In Pictures

Palmyra in pictures: A Syrian site under threat

With Islamic State (IS) militants destroying Palmyra's ancient temple of Baalshamin, the world's eyes are again focused on what may happen to the Unesco world heritage site.

IS closed in on the site in May having previously demolished ancient sites in Iraq that pre-date Islam, including Hatra and Nimrud.

Last week, it emerged that Khaled al-Asaad, the archaeologist who looked after Palmyra's ruins for 40 years, had been beheaded by IS.

Syria's director of antiquities Maamoun Abdul Karim said he had refused to say where treasures had been hidden to save them from destruction.

Palmyra contains the monumental ruins of a great city that was one of the most important cultural centres of the ancient world. Millions have visited the site and have contacted the BBC to tell us how much it means to them.

Image copyright Elizabeth Roberts
Image caption Elizabeth Roberts took this image of the temple of Baalshamin in 2007. Her husband David says: "There is something slightly disquieting about feeling so strongly about the likely destruction of such astonishing cultural artefacts given the wider human toll."
Image copyright Ozgun_Ucar
Image caption Ozgun Ucar spent 15 days in 2010 hitchhiking across Syria when he visited Palmyra with his friend Hassan, a hotel-keeper. He says: "If ISIS destroys Palmyra, the world will lose its oldest cultural city of antiquity."
Image copyright Iain McLean
Image caption Iain McLean took this photo in the summer of 1997 when he backpacked around Syria.
Image copyright Rohini Denton
Image caption Rohini Denton's image is from April 2009. She says she was visiting her sister Kay in Damascus when they decided to visit Palmyra. "There was no war in Syria at the time," she adds.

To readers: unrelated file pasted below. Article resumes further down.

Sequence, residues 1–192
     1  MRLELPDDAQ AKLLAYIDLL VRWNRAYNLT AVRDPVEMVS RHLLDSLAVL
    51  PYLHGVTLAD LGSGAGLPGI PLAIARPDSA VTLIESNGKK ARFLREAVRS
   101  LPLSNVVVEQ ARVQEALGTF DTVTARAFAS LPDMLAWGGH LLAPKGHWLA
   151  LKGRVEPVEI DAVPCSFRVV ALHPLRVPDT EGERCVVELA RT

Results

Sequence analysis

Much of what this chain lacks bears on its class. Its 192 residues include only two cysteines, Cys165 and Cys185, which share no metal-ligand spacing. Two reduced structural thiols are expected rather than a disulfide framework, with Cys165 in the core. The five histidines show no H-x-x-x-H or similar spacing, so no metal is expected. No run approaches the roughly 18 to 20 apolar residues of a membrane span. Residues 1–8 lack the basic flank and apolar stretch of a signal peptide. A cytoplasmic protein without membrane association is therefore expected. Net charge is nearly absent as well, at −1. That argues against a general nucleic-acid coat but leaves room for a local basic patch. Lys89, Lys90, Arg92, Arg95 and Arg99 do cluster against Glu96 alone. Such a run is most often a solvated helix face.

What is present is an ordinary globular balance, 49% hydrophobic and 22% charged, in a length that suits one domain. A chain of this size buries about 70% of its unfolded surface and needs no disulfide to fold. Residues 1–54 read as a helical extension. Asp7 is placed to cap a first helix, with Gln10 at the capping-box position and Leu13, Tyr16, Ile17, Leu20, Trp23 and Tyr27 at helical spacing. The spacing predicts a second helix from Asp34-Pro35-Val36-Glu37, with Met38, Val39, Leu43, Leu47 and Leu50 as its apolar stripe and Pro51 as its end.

Image copyright Peter Lewis
Image caption Peter Lewis says, "I worked for an adventure travel company leading tours in Syria in 2007, 2008 and 2010 just before the civil war started."
Image copyright Ian Fowler
Image caption Ian Fowler, who visited the site in September 2007 says: "Looting of archaeological sites like Palmyra is not confined to Islamic State as the pits shown here clearly indicate."
Image copyright Antoine Frangie
Image caption Antoine Frangie says he feels sad for Syria and for Palmyra. He took this picture in May 2002
Image copyright Hugh Anderson
Image caption Hugh Anderson visited in 2006. He says: "I feel devastated that anyone could possibly think of destroying such beautiful and significant relics. It's madness. I can't fathom it. Just so incredibly sad."
Image copyright Andrew hurst
Image caption Andrew Hurst (who took this picture) and William Linsdell travelled to Palmyra in Syria in 2009. William says, "The human tragedy that has been unfolding in the country is horrific and if their heritage is also being destroyed, that is another huge blow."
Image copyright William Linsdell
Image caption William goes on to say that ''what is happening in Palmyra is a crime, the price of peace should not be destruction of priceless artefacts.''
Image copyright Renzo Magliocchetti
Image caption Renzo Magliocchetti who took this photo during his motorbike trip through Turkey and Syria in August 2012, says that "Palmyra was a peaceful and unforgettable trip throughout''

Produced by Dhruti Shah and Omayma El zulafi

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